MIAT was approached by a consultant neuroradiologist, working in the field of interventional neurology with the Edinburgh Bio Quarter and NHS Lothian, to look into the feasibility of a saline infusion product.
Intra-arterial catheters are used to introduce fluids, such as saline or drugs, or take blood sample from patients. The catheter itself is a narrow plastic tube, inserted into the artery, with connectors on the section outside of the patient’s body for introducing or taking fluid.
Procedures involving intra-arterial catheters have become very common in modern medical practice, particularly in critical areas such as the brain and heart. However, these procedures are not without risk, particularly when narrow blood vessels within the brain are involved.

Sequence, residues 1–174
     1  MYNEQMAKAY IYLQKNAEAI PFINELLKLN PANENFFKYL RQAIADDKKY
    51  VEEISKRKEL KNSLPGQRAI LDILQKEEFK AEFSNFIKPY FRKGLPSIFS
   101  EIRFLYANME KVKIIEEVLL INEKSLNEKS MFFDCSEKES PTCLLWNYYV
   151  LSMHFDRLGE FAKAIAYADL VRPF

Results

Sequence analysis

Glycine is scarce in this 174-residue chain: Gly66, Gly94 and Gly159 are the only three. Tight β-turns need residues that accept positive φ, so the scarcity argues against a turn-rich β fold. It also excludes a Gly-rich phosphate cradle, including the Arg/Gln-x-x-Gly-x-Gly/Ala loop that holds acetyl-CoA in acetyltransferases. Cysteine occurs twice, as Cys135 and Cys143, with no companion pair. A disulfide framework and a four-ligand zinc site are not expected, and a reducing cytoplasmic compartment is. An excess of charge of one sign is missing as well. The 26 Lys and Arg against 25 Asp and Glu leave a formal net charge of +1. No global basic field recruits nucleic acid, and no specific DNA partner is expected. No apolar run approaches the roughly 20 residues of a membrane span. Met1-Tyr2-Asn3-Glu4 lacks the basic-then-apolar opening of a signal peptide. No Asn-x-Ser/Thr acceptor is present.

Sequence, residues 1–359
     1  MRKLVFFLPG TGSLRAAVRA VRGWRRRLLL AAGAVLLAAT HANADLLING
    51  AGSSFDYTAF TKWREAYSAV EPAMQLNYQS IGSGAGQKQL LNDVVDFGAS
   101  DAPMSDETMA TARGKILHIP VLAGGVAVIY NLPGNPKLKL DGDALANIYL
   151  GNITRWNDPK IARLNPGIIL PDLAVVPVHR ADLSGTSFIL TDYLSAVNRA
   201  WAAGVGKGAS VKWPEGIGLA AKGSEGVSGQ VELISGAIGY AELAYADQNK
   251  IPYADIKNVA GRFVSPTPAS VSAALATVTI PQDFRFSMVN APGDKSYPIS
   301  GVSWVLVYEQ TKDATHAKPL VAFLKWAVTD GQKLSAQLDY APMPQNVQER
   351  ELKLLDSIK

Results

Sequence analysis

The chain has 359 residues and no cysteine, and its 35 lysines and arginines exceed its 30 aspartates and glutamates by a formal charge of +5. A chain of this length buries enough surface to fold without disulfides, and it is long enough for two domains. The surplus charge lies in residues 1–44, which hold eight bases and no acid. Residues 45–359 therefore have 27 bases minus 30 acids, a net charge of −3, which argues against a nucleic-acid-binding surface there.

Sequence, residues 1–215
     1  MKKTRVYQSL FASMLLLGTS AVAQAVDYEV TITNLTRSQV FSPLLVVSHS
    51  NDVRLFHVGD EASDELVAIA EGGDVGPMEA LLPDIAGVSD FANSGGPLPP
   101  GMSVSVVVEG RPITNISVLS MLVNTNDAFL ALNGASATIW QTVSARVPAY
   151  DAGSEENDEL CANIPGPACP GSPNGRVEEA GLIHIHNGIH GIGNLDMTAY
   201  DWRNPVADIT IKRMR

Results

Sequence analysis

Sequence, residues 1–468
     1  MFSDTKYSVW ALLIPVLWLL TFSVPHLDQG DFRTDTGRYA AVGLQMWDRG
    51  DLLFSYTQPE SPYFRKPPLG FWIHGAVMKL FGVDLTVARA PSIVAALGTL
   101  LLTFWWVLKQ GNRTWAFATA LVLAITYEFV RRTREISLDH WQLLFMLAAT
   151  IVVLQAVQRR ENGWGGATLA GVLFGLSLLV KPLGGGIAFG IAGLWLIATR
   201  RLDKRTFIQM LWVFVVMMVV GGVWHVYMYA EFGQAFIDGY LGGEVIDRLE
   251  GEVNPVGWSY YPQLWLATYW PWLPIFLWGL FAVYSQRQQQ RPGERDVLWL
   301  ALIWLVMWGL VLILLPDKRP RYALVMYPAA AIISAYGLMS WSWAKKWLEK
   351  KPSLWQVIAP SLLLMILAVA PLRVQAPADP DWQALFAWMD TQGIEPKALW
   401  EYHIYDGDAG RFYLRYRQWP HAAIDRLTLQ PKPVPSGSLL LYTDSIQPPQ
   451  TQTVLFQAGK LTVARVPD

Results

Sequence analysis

- Blood clots can form at the end of the catheter, and either:
- Block the infusion line,
- Break off into the blood stream, potentially under high pressure,
- Air bubbles can form within infusion lines creating an embolism risk.
MIAT is looking into improving the systems in current use to reduce these risks, and be able to detect and alarm if they do occur.
Morgan is in the process of running a multi-centre clinical trial on a patented concept to test for pre-eclampsia. This involves analysis of salivary